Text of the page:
The U.S. Department of Transportation (DOT) has released its final statement on its enforcement priorities regarding service animals on flights, following a couple of years in which airlines have updated their policies on emotional support and service animals following a series of high-profile, in-flight incidents. The statement provides guidance about the DOT’s interpretation and enforcement of the existing service animal rules.
Parts of the new statement apply to service animals, while others apply to emotional support animals. The distinction between the two types is important, because during the period when major airlines were updating their rules regarding support and service animals, many disability advocacy organizations argued that the earliest versions of the new rules were too burdensome on customers with service animals. The organizations said that, because service animals are specially trained, they are safer than emotional support animals.
While the full statement is available on the Department of Transportation’s website, here are a few key takeaways for travel advisors:
- Airlines can ask for service animal documentation. The DOT says that required documentation can relate to the service animal’s vaccination, training or behavior so long as it can reasonably help the airline in determining if that animal is a safety threat. That means airlines can ask advisors and their clients to provide this documentation before traveling.
- Airlines can require advance notice for support animals, but not service animals. Advance notice for service animals was a key point of contention during the first round of updates to airlines’ animal policies. The DOT has ruled that airlines cannot require advisors and their clients to provide such notice for travel with service animals, but they can for travel with emotional support animals.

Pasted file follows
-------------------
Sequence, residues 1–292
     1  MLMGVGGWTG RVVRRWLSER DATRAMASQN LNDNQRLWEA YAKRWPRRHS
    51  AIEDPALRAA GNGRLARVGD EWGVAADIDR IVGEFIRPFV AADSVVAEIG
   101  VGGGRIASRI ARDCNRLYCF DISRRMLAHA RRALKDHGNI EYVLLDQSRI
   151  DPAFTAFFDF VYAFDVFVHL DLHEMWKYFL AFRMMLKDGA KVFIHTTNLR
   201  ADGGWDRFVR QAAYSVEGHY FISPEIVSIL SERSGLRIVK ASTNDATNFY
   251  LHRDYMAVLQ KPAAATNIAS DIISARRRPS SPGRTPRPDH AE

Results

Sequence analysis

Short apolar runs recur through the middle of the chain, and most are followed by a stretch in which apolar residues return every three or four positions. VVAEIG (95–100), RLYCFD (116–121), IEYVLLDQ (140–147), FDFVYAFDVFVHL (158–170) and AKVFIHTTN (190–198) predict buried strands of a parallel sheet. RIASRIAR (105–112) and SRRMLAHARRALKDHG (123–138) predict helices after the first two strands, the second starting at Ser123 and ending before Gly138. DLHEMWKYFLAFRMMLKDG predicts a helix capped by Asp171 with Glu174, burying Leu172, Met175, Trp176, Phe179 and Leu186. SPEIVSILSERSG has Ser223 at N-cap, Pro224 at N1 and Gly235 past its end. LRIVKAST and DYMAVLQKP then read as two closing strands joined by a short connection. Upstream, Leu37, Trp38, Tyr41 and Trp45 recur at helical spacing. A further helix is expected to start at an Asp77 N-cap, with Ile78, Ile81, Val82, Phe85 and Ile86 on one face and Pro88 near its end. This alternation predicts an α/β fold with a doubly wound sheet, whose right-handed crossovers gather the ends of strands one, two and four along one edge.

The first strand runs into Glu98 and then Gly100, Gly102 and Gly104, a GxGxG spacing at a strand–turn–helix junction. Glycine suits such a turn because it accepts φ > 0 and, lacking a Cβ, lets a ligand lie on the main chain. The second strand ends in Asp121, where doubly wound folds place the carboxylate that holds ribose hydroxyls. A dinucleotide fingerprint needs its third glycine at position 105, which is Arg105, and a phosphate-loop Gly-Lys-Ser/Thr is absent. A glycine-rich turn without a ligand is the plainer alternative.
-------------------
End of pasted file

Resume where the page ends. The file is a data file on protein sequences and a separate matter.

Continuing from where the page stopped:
- Airlines can require lobby check-in for support animals. This means that advisors and their clients can be asked to use lobby check-in when traveling with emotional support animals; airlines can also require checking in one hour before the check-in time of the general public.
- More on species limitations. Many of the incidents surrounding the airlines’ policy updates included passengers traveling with unusual animals and garnering media attention, such as one incident in which a woman attempted to travel with an emotional support peacock on a flight out of Newark. In its latest guidance thee DOT said that, while regulations have a broad definition of service animals, it will prioritize ensuring that the most commonly recognized animals are accepted: dogs, cats and miniature horses. “Nevertheless, airlines are still subject to enforcement action if they categorically refuse to transport other species that they are required to transport under the current rule,” the DOT said. Airlines cannot, however, restrict certain breeds, including specific dog breeds, from flying, although they can find that any specific animal, regardless of breed, poses a “direct threat.”
The support and service animal policies for the “big three” airlines, all of whom have issued updates over the past few years, are available below:
The full DOT statement is available here.